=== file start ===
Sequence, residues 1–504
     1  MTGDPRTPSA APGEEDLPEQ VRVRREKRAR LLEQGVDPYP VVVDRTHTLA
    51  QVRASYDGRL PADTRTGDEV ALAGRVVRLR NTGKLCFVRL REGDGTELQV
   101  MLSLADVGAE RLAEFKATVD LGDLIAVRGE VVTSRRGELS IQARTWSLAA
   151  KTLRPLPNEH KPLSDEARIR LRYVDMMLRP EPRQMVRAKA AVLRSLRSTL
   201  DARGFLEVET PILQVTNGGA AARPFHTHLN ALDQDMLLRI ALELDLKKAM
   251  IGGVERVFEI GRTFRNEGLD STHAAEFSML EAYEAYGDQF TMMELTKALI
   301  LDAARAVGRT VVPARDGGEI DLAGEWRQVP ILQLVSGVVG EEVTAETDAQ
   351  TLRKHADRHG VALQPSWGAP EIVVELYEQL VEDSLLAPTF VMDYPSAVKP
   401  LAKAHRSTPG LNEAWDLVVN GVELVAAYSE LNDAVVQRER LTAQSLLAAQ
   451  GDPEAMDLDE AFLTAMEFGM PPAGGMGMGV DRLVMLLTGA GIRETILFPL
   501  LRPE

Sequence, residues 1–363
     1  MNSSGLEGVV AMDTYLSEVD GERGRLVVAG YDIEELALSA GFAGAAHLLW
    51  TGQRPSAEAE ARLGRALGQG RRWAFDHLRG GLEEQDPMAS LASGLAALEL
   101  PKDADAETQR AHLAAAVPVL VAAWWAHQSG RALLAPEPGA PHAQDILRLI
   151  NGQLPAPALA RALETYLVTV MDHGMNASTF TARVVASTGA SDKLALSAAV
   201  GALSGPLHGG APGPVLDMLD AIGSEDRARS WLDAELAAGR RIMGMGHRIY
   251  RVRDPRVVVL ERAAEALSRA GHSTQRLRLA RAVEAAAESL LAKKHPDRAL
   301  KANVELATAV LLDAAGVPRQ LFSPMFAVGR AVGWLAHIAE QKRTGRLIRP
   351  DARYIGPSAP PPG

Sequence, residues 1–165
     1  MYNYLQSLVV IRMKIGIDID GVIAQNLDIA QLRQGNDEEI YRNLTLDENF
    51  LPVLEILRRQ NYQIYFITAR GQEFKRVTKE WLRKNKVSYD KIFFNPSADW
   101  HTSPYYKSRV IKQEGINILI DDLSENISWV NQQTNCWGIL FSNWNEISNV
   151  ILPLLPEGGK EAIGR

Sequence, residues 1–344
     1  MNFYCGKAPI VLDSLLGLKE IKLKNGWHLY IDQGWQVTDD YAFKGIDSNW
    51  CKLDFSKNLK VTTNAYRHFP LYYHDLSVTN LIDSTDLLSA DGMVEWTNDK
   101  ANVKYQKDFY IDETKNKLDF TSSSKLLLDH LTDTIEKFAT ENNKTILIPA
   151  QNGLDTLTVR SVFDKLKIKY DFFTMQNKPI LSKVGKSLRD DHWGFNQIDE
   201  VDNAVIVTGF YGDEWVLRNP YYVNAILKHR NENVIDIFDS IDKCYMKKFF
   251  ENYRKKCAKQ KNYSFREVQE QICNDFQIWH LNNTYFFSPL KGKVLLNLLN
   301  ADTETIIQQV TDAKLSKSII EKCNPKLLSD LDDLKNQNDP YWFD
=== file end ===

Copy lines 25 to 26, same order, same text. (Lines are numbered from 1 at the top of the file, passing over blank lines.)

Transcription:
   101  HTSPYYKSRV IKQEGINILI DDLSENISWV NQQTNCWGIL FSNWNEISNV
   151  ILPLLPEGGK EAIGR